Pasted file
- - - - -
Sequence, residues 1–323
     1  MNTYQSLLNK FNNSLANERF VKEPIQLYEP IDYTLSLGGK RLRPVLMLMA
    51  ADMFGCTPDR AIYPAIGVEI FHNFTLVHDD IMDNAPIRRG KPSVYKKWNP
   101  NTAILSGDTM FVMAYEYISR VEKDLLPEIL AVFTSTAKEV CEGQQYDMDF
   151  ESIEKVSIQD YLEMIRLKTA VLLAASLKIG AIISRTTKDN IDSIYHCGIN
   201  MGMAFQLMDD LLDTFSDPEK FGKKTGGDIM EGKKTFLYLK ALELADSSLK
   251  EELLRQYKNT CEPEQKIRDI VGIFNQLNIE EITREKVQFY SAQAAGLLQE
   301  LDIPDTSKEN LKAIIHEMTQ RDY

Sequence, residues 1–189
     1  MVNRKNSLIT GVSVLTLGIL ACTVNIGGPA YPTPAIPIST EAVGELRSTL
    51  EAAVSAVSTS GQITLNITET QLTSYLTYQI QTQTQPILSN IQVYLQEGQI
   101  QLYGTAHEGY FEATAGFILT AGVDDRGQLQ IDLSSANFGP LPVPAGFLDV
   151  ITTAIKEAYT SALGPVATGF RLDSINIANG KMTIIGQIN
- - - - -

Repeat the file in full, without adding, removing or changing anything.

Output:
Sequence, residues 1–323
     1  MNTYQSLLNK FNNSLANERF VKEPIQLYEP IDYTLSLGGK RLRPVLMLMA
    51  ADMFGCTPDR AIYPAIGVEI FHNFTLVHDD IMDNAPIRRG KPSVYKKWNP
   101  NTAILSGDTM FVMAYEYISR VEKDLLPEIL AVFTSTAKEV CEGQQYDMDF
   151  ESIEKVSIQD YLEMIRLKTA VLLAASLKIG AIISRTTKDN IDSIYHCGIN
   201  MGMAFQLMDD LLDTFSDPEK FGKKTGGDIM EGKKTFLYLK ALELADSSLK
   251  EELLRQYKNT CEPEQKIRDI VGIFNQLNIE EITREKVQFY SAQAAGLLQE
   301  LDIPDTSKEN LKAIIHEMTQ RDY

Sequence, residues 1–189
     1  MVNRKNSLIT GVSVLTLGIL ACTVNIGGPA YPTPAIPIST EAVGELRSTL
    51  EAAVSAVSTS GQITLNITET QLTSYLTYQI QTQTQPILSN IQVYLQEGQI
   101  QLYGTAHEGY FEATAGFILT AGVDDRGQLQ IDLSSANFGP LPVPAGFLDV
   151  ITTAIKEAYT SALGPVATGF RLDSINIANG KMTIIGQIN